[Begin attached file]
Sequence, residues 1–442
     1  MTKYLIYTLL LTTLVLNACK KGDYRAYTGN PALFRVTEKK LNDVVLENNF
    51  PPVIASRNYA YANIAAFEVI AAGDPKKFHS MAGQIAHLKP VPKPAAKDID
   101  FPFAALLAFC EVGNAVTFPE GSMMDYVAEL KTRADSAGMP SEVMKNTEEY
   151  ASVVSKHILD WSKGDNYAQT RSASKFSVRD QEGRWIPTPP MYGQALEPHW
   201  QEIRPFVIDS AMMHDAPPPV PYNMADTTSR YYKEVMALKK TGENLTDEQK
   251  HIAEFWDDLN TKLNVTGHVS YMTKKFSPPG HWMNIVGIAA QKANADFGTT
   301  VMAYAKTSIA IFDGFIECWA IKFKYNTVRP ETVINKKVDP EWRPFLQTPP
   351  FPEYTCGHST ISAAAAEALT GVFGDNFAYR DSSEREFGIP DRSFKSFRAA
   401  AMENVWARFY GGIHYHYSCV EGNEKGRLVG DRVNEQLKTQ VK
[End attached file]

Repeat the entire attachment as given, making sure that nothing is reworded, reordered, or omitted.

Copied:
Sequence, residues 1–442
     1  MTKYLIYTLL LTTLVLNACK KGDYRAYTGN PALFRVTEKK LNDVVLENNF
    51  PPVIASRNYA YANIAAFEVI AAGDPKKFHS MAGQIAHLKP VPKPAAKDID
   101  FPFAALLAFC EVGNAVTFPE GSMMDYVAEL KTRADSAGMP SEVMKNTEEY
   151  ASVVSKHILD WSKGDNYAQT RSASKFSVRD QEGRWIPTPP MYGQALEPHW
   201  QEIRPFVIDS AMMHDAPPPV PYNMADTTSR YYKEVMALKK TGENLTDEQK
   251  HIAEFWDDLN TKLNVTGHVS YMTKKFSPPG HWMNIVGIAA QKANADFGTT
   301  VMAYAKTSIA IFDGFIECWA IKFKYNTVRP ETVINKKVDP EWRPFLQTPP
   351  FPEYTCGHST ISAAAAEALT GVFGDNFAYR DSSEREFGIP DRSFKSFRAA
   401  AMENVWARFY GGIHYHYSCV EGNEKGRLVG DRVNEQLKTQ VK